My three pills for failure.

The first batch of 60 Kgs of our Tetramisole Hcl, came out of my new Company Arvee in November 1988. With that, India had produced its own commercial Tetramisole for the first time. I was on top of the world, just married, free and independent with a family of my own and a business of my own.

Just as my team and I were celebrating, a shock wave hit us. Chinese suddenly started manufacturing and dumping Tetramisole into the Indian market in large quantities at half of our raw material cost. Half of our raw material cost, mind you, not half of our selling price It was cataclysmic and spelt doom.

My company went sick within a year. My first child born around the same time was blind.

After I defaulted on monthly interest payments, my lending bank warned me about legal recourse if I did not regularise the account. One of my co-investors and guarantors for the term loan from the bank started to pressurise me to get his guarantee released at once. “You put your head in Shit and call it a challenge. I want no more of it” he told me.

“You have to know when to call it quits and exit your business Mohan”, my auditor advised me.

The society will always interpret failure as your fault and mistake, even when it is because of external factors over which you have no control. The whole world then calls you a fool. This causes many talented people to walk away from their ventures prematurely.

But I was made of sterner stuff.

I quickly recognised that the only way forward for a small pharmaceutical company not to get marginalized was to specialise and create a niche for itself. That was the only sure way to occupy a permanent position in the industry dominated by large layers.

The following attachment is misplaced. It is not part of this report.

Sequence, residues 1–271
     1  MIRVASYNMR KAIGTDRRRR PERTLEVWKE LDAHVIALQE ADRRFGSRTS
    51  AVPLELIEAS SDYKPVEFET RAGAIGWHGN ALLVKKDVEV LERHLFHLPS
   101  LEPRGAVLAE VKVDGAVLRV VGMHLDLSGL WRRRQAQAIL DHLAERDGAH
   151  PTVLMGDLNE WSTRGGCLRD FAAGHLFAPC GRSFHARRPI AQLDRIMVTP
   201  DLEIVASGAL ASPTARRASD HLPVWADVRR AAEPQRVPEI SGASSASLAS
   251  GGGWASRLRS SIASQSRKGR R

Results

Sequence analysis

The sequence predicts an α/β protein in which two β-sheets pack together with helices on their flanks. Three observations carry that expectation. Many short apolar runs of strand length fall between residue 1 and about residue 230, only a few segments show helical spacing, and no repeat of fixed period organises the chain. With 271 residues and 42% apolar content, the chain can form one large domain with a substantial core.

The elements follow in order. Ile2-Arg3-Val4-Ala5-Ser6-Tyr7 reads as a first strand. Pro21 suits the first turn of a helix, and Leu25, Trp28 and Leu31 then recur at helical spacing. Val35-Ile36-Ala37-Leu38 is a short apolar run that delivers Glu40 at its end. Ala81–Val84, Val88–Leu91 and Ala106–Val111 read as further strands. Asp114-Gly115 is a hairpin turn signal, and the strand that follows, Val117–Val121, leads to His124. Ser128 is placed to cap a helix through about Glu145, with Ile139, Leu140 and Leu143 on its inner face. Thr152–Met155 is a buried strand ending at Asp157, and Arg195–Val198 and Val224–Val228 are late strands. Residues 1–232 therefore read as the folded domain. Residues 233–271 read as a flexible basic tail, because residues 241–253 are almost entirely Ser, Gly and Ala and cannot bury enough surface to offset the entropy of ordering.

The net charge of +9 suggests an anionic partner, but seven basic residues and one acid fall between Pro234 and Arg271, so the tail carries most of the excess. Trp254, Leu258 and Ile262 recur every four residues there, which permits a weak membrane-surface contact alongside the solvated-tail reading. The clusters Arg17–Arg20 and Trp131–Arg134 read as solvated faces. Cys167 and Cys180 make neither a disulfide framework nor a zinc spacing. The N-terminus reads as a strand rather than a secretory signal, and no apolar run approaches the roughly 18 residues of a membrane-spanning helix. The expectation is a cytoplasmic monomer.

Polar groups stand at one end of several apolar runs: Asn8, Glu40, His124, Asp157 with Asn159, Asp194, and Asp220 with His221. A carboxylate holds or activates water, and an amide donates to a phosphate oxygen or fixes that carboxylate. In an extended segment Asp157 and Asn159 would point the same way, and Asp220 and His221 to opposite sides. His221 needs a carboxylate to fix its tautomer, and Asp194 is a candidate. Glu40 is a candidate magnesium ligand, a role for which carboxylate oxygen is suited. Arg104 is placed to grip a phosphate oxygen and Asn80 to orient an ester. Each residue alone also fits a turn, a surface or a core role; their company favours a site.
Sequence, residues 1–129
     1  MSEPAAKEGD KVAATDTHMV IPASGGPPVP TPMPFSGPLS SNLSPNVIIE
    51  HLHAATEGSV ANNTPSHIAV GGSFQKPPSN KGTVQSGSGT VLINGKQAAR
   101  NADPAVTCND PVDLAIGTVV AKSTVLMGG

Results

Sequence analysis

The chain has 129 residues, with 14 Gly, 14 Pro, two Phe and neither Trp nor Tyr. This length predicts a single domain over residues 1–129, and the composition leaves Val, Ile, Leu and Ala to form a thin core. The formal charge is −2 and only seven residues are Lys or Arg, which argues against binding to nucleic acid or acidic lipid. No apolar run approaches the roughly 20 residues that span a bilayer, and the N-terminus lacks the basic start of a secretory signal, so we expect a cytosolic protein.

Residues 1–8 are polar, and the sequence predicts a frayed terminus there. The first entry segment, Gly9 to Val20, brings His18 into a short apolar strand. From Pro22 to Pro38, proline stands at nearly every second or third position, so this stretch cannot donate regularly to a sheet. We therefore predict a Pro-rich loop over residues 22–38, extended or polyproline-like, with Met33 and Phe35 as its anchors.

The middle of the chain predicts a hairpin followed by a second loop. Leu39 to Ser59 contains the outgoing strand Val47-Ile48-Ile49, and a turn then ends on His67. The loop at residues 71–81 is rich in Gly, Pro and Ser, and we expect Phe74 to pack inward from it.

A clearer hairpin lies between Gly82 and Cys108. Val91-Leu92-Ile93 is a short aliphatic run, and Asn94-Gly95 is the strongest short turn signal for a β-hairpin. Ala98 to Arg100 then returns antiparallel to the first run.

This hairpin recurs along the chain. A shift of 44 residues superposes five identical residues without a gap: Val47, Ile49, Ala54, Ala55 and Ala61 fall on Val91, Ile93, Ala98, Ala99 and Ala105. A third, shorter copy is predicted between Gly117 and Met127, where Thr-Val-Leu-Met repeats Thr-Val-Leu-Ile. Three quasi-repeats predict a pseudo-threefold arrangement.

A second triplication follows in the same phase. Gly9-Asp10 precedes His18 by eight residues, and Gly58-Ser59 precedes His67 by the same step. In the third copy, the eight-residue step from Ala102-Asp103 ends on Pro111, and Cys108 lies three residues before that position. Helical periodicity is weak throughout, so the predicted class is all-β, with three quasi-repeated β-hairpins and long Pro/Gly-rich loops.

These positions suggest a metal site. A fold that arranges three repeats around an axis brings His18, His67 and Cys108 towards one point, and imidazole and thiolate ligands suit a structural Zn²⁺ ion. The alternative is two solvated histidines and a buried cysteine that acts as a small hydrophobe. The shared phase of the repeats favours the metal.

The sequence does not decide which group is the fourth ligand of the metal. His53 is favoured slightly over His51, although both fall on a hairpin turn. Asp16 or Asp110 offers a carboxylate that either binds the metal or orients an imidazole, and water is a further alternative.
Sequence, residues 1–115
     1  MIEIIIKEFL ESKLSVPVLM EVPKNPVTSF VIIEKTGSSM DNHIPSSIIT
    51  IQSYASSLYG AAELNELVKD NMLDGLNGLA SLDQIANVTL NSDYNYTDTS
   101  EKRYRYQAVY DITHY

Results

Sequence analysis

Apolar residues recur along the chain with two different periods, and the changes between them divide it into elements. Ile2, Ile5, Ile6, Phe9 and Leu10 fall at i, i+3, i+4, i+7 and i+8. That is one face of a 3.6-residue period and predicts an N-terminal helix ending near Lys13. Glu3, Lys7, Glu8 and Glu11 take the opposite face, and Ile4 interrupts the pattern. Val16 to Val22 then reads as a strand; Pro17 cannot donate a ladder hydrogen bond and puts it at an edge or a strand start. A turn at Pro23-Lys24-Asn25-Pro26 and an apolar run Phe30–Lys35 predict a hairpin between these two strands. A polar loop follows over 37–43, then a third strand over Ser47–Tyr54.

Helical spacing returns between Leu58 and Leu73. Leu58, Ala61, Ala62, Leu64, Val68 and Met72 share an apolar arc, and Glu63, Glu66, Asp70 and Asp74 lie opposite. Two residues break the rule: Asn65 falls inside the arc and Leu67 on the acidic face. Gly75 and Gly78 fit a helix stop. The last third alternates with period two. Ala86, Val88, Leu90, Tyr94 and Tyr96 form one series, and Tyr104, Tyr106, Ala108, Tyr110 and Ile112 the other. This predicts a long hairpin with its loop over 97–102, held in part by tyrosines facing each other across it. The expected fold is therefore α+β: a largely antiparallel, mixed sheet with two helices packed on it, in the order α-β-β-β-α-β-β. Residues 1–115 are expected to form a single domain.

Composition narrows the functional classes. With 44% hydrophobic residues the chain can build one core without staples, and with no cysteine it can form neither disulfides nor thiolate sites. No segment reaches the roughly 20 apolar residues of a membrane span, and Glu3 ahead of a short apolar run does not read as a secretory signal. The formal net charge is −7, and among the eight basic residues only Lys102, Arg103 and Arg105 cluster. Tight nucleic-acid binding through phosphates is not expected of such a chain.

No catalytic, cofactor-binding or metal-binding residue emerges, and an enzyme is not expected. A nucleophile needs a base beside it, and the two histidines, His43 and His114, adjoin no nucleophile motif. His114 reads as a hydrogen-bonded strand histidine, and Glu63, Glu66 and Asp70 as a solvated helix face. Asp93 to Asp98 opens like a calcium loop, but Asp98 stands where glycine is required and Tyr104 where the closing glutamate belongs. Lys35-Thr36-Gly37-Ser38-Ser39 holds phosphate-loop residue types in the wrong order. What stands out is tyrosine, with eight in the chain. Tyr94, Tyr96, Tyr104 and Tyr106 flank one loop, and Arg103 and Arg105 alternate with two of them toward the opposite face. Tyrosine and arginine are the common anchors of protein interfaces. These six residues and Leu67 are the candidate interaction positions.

I shifted the Company’s focus from Products to process specialisation. We created differentiation in the industry through specialised process called high-pressure hydrogenation with Palladium and Platinum catalysts. My technical partner warned me I was taking a big risk.

There were very few companies for which at that time there were few companies.

Within a year, our Company became well known for hydrogenation, and many large pharma Companies came to us for job work and Custom Synthesis.

Within the next two years, we became profitable and self-sufficient.

An entrepreneurial journey is not always smooth. It carries challenges and failures and demands the entrepreneur’s passion, patience and courage and the will to push ahead. If the challenges also include external factors like cheaper imports. But they will compel you to transform your business.

When an external factor like cheaper imports becomes your nemesis make your entrepreneurial spirit your Catalyst for success.

My three lessons from my failures.

-Create a niche that sets your business apart. It could be a process, skill set or a product.

-Don’t let others force you into quitting.

-Treat failure as an opportunity to learn and bounce back

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Inner Trek
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After being threatened by a Bangalore mob boss, retired Indian businessman Mohan Ranga Rao takes a vow to trek around Mount Kailash, a holy Tibetan Mountain revered by over a billion people. What starts out as merely a challenging high-altitude trek soon becomes a life-changing adventure. With a blend of humour, honesty and keen insight, Mohan journeys toward a deeper understanding of the world around him. A memoir of a road less travelled and a true story of self-discovery at 19,000 feet.

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